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‘What the people of Puerto Rico understand is that Trump needs to come down to Puerto Rico’

The Trump administration is holding up a $13 billion disaster relief bill over funding for the island, still recovering from Hurricane Maria.

Jaime Santana, 72, of Villa Nevarez in Rio Piedras, a neighborhood of San Juan, has painted the words, "Puerto Rico together we will overcome." CREDIT: Sarah L. Voisin/The Washington Post via Getty Images
Jaime Santana, 72, of Villa Nevarez in Rio Piedras, a neighborhood of San Juan, has painted the words, "Puerto Rico together we will overcome." CREDIT: Sarah L. Voisin/The Washington Post via Getty Images

During a visit to San Juan about two weeks after Hurricane Maria devastated Puerto Rico, President Trump’s way of showing survivors how much he cared to help them through a cataclysmic horror was to throw paper towels at them.

Later, when his administration’s “official” death count of 16 was challenged by a report commissioned by the Puerto Rican government that revealed the actual death toll was 2,750 — and as other studies, looking at the prolonged impact of the hurricane, put the total at close to 5,000 deaths — Trump stood by his initial, obviously incorrect claim.

On Thursday, Trump stood on the White House lawn and, in characteristically hyperbolic fashion, proclaimed, “I’ve taken better care of Puerto Rico than any man ever. Puerto Rico has been taken care of better by Donald Trump than by any living human being. And I think the people of Puerto Rico understand it.”

To find out if, in fact, the people of Puerto Rico “understand” that President Donald Trump has been giving them five-star treatment, ThinkProgress called up Anthony Maceira, public affairs secretary for Puerto Rico’s Gov. Ricardo Rosselló, who was driving through the island after returning from a trip to Washington, D.C.

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“What the people of Puerto Rico understand is that Trump needs to come down to Puerto Rico,” Maceira said. “He needs to meet with the governor, as the governor has requested on multiple occasions. He needs to be able to see the facts firsthand. We don’t know why, but for some reason he is getting ill-advised [and] incorrect information that leads him to make statements or announce certain things that are not quite according to the truth.”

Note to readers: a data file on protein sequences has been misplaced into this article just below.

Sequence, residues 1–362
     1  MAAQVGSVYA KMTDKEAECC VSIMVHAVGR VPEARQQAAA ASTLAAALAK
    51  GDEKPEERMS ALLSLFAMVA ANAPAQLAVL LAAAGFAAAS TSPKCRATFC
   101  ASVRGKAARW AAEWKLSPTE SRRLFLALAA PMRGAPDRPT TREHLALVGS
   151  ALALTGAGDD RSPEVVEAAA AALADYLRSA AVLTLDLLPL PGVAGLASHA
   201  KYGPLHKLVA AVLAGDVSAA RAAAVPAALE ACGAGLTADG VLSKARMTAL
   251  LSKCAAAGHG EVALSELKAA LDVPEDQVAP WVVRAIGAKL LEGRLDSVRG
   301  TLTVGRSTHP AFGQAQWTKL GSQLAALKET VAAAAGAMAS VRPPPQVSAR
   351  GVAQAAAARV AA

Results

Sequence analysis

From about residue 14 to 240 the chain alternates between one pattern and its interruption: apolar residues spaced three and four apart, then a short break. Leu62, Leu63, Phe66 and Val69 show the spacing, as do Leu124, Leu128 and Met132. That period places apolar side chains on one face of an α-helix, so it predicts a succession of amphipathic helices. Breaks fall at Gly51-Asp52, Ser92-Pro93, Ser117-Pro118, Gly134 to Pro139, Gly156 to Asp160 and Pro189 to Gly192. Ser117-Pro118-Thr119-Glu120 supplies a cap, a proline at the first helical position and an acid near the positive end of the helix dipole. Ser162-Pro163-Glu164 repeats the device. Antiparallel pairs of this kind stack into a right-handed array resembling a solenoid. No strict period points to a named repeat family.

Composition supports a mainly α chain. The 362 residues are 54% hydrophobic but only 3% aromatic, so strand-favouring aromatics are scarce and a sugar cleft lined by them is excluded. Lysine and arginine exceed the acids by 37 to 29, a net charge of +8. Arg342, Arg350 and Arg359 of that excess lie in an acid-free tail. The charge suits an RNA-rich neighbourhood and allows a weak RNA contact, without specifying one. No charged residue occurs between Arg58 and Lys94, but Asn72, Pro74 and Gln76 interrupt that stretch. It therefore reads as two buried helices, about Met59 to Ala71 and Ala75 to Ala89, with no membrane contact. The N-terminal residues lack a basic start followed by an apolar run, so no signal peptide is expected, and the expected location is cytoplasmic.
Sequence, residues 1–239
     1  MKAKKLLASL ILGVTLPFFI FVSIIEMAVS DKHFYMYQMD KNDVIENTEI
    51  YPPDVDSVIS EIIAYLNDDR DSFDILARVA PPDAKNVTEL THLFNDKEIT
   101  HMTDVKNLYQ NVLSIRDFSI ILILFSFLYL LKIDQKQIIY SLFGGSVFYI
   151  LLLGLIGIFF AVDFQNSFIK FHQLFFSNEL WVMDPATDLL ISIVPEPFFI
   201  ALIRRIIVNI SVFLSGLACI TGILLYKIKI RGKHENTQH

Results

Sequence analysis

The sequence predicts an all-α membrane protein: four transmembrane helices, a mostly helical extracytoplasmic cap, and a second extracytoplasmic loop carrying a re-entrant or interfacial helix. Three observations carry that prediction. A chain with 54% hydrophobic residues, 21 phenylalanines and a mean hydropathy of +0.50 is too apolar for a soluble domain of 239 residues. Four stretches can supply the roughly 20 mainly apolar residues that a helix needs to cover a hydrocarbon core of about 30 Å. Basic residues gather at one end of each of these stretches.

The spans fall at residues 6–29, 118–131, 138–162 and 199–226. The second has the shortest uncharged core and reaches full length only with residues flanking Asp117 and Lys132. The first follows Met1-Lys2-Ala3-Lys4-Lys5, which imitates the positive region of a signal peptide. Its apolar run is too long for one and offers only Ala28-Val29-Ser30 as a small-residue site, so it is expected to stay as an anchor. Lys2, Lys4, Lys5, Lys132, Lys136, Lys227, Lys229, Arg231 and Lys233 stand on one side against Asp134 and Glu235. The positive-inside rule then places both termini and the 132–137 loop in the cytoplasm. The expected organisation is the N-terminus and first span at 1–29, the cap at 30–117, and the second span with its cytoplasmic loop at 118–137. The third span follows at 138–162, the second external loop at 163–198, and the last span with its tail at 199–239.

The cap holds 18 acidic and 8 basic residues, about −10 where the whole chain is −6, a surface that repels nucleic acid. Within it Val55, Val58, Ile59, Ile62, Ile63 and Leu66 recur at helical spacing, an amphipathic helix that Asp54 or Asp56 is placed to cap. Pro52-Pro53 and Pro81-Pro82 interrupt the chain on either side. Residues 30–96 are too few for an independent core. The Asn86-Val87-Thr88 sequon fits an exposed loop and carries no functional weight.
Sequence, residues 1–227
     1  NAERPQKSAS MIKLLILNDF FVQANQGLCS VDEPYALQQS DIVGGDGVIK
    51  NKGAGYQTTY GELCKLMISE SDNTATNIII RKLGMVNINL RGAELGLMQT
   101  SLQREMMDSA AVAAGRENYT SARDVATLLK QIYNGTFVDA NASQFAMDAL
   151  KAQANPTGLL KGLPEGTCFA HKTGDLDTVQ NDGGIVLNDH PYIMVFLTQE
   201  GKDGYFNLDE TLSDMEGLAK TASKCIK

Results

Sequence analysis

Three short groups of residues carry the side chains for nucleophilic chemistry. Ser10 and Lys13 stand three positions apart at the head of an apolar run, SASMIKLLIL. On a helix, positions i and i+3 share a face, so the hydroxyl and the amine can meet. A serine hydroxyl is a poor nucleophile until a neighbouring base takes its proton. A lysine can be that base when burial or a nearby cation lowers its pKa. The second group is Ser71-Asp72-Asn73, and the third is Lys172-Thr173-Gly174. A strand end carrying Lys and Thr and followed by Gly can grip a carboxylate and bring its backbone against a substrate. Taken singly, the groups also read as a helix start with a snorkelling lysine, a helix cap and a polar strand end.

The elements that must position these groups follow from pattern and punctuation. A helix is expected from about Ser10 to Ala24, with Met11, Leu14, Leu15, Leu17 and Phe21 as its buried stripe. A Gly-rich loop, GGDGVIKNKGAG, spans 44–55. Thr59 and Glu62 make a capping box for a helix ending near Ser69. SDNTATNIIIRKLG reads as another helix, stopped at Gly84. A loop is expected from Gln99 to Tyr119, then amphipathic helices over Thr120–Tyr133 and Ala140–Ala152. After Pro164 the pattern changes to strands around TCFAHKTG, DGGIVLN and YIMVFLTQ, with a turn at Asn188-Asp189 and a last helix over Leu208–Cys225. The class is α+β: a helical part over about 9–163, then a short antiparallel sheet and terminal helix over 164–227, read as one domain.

Arguments over disaster recovery money, which Trump opposes, are holding up a big disaster bill in Congress. As the Washington Post reports, the bill “provides more than $13 billion in much-needed recovery funds for everything from volcanic eruptions in Hawaii and wildfires in California, to hurricanes in Florida and Georgia and flooding in the Midwest, among other calamities.”

Congressional Democrats say the bill fails to account for the full scope of Puerto Rico’s needs, which extend far beyond the $600 million this legislation allocates for its food stamp program — and that this failure is in line with Trump’s ongoing indifference to the plight of the hurricane-ravaged island. Republicans, as the Post puts it, “say Democrats are grandstanding over Puerto Rico and in the process blocking much-needed assistance to the rest of the United States, including the Midwest, where recent flooding ravaged farms and drinking water supplies in Iowa, Nebraska and elsewhere.”

Asked about this framing — either assistance is available for Puerto Rico or for the Midwest, but not both — Maceira said, “Supporting American citizens, in a state or Puerto Rico, should not be… mutually exclusive. Although we’re a colony, it’s over 3 million American citizens that live in Puerto Rico. We’re American citizens. We have U.S. passports. It’s just the same. It’s geographical discrimination. So stating that, in order to help Puerto Rico you have to stop helping someone else, that’s not correct.”

“We’re going to keep on pushing to receive equal treatment in every aspect, and that goes right to the bottom of our issue, which is: We’re a colony. And since we’re a colony, we get treated differently in every way you can imagine,” he went on. “We’ll keep on fighting for equality on all fronts. However, we won’t turn down any help that comes toward Puerto Rico in the meantime. Our people need to be able to keep on recovering and we need the resources to do so.”

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What are the odds Trump will take a trip to Puerto Rico anytime soon? “We would hope he does,” Maceira said. “He’s been here before. There’s no reason for him not to want to meet with the governor… clarify the doubts, and confront the information that he’s getting firsthand.”

Meanwhile, in a recent interview with CNN, Gov. Rosselló said of the president, “If the bully gets close, I’ll punch the bully in the mouth. It would be a mistake to confuse courtesy with courage.”